If watching an arts grant application’s arcane and inscrutable complexities in real-time – complete with the attached Excel budget spreadsheet – isn’t your idea of a gripping thriller, think again!
Pony Cam, the absolute lunatic mayhem-makers behind the award-winning theatre show Grand Theft Theatre, are here to prove you will shriek, hide behind your fingers in excruciating anticipation and exasperatedly snort-laugh while figuring out if a risk assessment matrix is required, who has their RSA sorted, and if there is a way you can get a town mayor involved in a flyover.
This is partly because the genius curtain pull of the five-star klaxon-sounding Burnout Paradise reveals just how ridiculously tortuous the hoops your average starving artist has to leap through while begging cap in hand for no-doubt meagre funds, all to provide our low-cost, high-thrills entertainment in a bewildering behemoth like the Melbourne Fringe Festival.
It’s also because the cast of four most likely to have a heart attack before the end of the run – Claire Bird, Hugo Williams, Dominic Weintraub and William Strom – take it in turns to tackle this Sisyphean soul trap on the backs of four expensive-to-hire treadmills (they couldn’t afford eight to keep up with OK Go’s pop video masterclass for ‘Here It Goes Again’). But the internecine vagaries of navigating local government bureaucracy are the least of their collective worries.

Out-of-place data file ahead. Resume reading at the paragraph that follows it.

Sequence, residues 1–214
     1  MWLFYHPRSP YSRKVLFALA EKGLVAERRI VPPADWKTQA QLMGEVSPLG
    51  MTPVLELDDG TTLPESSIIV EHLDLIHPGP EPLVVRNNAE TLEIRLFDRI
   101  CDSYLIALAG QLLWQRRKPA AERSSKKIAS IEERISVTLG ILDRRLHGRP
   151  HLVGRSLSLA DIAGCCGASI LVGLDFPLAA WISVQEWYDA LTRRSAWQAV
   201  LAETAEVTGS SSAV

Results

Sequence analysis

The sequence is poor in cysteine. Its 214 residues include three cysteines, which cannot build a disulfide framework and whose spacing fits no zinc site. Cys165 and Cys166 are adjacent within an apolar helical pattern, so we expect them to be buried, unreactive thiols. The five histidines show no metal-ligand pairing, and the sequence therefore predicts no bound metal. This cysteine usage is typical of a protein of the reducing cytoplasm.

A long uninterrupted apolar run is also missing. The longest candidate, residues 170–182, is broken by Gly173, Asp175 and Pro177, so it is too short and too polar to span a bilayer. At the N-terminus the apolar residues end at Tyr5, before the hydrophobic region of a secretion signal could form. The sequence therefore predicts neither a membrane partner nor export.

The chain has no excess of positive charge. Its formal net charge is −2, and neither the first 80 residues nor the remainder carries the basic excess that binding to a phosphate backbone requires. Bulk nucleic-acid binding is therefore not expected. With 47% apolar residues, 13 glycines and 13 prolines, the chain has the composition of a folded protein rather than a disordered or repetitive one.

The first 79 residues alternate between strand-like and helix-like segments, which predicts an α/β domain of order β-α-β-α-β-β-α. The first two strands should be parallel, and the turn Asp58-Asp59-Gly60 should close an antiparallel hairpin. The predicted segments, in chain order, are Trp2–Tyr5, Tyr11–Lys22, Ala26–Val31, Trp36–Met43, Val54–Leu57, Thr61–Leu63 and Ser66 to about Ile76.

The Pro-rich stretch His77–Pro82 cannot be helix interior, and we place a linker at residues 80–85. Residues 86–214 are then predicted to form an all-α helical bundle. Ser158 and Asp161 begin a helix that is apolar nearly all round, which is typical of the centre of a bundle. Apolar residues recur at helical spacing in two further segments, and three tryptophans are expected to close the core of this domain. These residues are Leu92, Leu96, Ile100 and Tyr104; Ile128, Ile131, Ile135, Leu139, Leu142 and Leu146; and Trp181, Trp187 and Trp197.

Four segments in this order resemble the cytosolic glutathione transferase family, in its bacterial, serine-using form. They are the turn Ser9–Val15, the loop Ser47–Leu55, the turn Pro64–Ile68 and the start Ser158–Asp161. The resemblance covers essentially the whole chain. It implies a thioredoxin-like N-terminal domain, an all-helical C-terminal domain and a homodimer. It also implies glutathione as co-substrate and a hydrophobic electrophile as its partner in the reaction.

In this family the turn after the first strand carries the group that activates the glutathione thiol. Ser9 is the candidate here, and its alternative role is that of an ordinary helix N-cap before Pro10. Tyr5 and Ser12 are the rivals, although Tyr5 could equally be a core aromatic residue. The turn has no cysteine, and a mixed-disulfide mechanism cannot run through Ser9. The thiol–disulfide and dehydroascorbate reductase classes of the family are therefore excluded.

In under an hour, one of the most frenetically uproarious shows of gloriously demented ecstasy you will ever experience also tasks these four horse folks of the admin apocalypse with:
- Cooking a three-course meal complete with boiling water and hot oil
- Staging a heartfelt performance piece relating to their childhood
- Completing a fairly heft list of seemingly mundane tasks replete with plenty of props
None should be tackled while sweating your body weight out at some clap on an occasionally oil-slicked travelator, all to amass a hefty combined kilometre tally. This is why fifth ensemble member Ava Campbell is far smarter, playing the tally scorer mid-thesis writing while her dehydration-challenged buddies fast approach heat death.
It’s sheer bedlam in the most magnificent way, with the very nature of the show meaning the impending disaster trail will unravel wildly differently every night, in line with chaos theory. Plenty of valiant punters who need little encouragement step in to assist (no one is forced to, if you fear the spectre of audience participation), all to try and prevent the wheels from falling off. As your boggling eyes settle on one nigh-on impossible mission – be it a whirlwind Hamlet monologue, death-defying interpretative dance number or a spot of handmade pasta prep plus cucumber squishing – you’ll undoubtedly avert your gaze only to spy the tail end of an inexplicably hilarious occurrence elsewhere.
The only solution is to go hard and go often, snapping up repeat tickets while praying to the gods of “How did this pass OHS?” mischief that the Pony Cam-ers and their intrinsically twisted grant applications prevail. Because in this rapidly collapsing world of ours, inspirationally creative heroes are putting their heart, soul and relatively easy-to-snap limbs, actually, on the line like this priceless. Unlike venue hire.
Looking for more things to do at Fringe? Check out our list of the best theatre, comedy, weird and free events happening this year.